/ Published November 29, 2019
The End of the Asian Century: War, Stagnation, and the Risks to the World’s Most Dynamic Region (paperback edition) by Michael R. Auslin. Yale University Press, 2018, 279 pp.
Michael Auslin, most recently a fellow at the Hoover Institution and the American Enterprise Institute, takes a critical look at the risks in Asia in an effort to help illuminate the question, Is the “Asian Century” ending or just beginning? Additionally, his experience as an associate professor of history at Yale and the University of Tokyo allows him to bring a historical perspective to current affairs in Asia. It has also helped him make an important contribution to the growing body of literature regarding developments in this dynamic region.
The thesis of The End of the Asian Century is that “while dynamic and peaceful on the surface, the continent is riddled with unseen threats, from economic stagnation to political unrest and growing military tensions” (xv). Auslin categorizes the risk along five broad areas: (1) economic, (2) demographic, (3) domestic political turmoil spillover into international politics, (4) unproductive competition between Asian states, and (5) the possibility for war. He devotes one chapter to each risk area, plus a preface and chapters for the introduction and conclusion. His conclusion includes recommendations for managing risk in Asia. The paperback edition has a preface to account for developments (e.g., the inauguration of President Trump) that took place since the book’s initial publication in January 2017.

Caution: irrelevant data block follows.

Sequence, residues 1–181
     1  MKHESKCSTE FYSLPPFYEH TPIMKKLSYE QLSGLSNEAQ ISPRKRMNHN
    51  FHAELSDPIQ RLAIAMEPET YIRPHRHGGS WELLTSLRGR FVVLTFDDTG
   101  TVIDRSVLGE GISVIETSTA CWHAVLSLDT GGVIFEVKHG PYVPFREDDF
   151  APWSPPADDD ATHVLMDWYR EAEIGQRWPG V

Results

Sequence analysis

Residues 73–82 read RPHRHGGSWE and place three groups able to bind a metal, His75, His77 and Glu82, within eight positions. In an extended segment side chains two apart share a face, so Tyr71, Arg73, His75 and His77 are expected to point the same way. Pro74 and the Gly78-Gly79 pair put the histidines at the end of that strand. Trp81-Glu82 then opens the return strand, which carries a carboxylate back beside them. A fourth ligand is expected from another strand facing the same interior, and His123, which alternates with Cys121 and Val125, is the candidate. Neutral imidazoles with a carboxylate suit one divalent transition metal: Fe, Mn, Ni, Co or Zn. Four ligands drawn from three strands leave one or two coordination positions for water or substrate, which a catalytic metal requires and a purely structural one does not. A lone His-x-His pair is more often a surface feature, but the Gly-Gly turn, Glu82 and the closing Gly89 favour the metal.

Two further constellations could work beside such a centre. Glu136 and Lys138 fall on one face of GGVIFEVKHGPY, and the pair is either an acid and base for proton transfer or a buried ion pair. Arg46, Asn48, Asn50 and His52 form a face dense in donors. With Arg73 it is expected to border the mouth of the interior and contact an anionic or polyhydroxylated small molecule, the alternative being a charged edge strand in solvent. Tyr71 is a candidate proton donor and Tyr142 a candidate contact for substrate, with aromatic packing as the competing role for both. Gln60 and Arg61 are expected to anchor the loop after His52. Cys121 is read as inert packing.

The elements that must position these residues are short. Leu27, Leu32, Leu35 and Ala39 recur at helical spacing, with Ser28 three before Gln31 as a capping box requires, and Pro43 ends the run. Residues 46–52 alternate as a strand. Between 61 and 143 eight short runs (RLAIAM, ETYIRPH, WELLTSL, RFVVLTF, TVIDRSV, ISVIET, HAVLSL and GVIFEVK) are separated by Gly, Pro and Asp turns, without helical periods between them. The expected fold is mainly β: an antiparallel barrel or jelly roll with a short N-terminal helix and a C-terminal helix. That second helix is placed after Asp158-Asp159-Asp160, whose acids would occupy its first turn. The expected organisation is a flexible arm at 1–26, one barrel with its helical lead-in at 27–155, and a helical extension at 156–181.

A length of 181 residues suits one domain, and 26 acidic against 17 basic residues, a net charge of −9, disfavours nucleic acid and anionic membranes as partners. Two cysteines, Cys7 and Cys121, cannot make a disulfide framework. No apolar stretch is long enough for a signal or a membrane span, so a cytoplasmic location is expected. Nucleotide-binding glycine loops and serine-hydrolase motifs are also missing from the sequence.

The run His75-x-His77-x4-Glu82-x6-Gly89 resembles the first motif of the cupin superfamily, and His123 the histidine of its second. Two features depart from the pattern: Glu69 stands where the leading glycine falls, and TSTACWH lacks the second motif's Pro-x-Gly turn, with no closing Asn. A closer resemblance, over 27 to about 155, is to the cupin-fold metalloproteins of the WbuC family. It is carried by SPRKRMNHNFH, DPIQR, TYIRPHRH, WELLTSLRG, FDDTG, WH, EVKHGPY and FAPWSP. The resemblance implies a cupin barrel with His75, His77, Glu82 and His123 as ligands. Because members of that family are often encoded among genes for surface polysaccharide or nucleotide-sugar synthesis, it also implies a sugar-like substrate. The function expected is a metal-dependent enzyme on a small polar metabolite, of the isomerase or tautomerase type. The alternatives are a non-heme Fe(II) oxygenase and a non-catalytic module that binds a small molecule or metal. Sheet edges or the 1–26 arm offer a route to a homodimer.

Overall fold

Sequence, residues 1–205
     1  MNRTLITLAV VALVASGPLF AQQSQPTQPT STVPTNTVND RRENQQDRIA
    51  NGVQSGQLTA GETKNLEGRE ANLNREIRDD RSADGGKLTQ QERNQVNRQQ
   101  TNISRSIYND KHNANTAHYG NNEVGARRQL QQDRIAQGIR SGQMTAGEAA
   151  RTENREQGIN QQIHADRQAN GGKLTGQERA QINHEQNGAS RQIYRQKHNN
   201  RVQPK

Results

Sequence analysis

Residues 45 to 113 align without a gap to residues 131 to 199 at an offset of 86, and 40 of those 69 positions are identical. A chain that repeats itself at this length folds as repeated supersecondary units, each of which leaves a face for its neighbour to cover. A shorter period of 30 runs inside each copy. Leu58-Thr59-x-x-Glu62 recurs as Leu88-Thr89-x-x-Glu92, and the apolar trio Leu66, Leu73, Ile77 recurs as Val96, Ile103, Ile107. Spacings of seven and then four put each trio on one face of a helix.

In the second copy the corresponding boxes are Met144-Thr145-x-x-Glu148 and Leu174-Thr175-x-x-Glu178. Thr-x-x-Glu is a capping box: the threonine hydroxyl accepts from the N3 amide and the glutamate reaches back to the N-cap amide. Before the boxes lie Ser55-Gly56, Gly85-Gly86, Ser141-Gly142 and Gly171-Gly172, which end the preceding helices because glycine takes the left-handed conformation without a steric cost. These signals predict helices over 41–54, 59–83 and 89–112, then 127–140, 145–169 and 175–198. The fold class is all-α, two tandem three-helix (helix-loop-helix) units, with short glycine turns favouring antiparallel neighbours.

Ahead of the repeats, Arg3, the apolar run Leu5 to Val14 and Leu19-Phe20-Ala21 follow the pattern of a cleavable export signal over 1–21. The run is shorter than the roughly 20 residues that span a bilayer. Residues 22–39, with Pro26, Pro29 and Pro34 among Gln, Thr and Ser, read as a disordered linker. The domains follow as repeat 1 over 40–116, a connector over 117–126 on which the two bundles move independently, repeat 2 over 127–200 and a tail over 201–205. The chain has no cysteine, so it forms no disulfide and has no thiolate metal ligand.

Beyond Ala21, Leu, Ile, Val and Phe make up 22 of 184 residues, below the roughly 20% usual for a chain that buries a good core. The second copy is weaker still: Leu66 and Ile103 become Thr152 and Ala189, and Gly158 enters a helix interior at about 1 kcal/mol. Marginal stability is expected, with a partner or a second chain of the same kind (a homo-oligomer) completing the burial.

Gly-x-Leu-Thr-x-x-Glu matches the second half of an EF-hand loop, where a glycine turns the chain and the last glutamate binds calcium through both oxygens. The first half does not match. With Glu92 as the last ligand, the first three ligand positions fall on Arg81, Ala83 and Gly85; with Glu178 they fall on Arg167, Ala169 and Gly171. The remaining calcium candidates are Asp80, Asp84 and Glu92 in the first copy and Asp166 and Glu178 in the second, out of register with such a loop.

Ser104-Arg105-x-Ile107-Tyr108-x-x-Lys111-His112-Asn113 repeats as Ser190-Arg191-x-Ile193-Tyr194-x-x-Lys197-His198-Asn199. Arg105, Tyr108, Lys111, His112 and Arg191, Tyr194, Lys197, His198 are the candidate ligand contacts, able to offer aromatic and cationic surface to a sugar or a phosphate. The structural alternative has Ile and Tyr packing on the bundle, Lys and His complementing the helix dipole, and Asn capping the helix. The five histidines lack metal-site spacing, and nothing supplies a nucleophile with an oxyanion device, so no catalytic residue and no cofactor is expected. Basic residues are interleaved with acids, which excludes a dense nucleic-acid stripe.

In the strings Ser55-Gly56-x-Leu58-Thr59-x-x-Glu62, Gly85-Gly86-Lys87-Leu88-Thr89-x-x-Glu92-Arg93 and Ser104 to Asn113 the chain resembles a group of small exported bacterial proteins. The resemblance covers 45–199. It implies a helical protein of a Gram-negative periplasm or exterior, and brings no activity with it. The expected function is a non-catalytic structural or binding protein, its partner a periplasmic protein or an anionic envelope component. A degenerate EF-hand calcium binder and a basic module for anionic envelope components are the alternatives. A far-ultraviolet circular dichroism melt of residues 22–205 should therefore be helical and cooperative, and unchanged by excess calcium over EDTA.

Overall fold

Overall, Auslin’s argument is well supported and well documented. He draws from books, news articles, think tank publications, international agency reports, and government reports. He also interviewed government and business leaders. Quotes from his conversations add color to the book, giving the reader a feel for what leaders around the region might be thinking. They are, however, understandably not always attributed, thus limiting the impact of these quotes on Auslin’s overall argument. That said, his argument never rests alone on quotes from unnamed sources, and they give the book a more personal feel. Similarly, the book includes some minor errors—like a map indicating that Taiwan is included in the East Asia Summit (it isn’t)—but they are hardly substantive.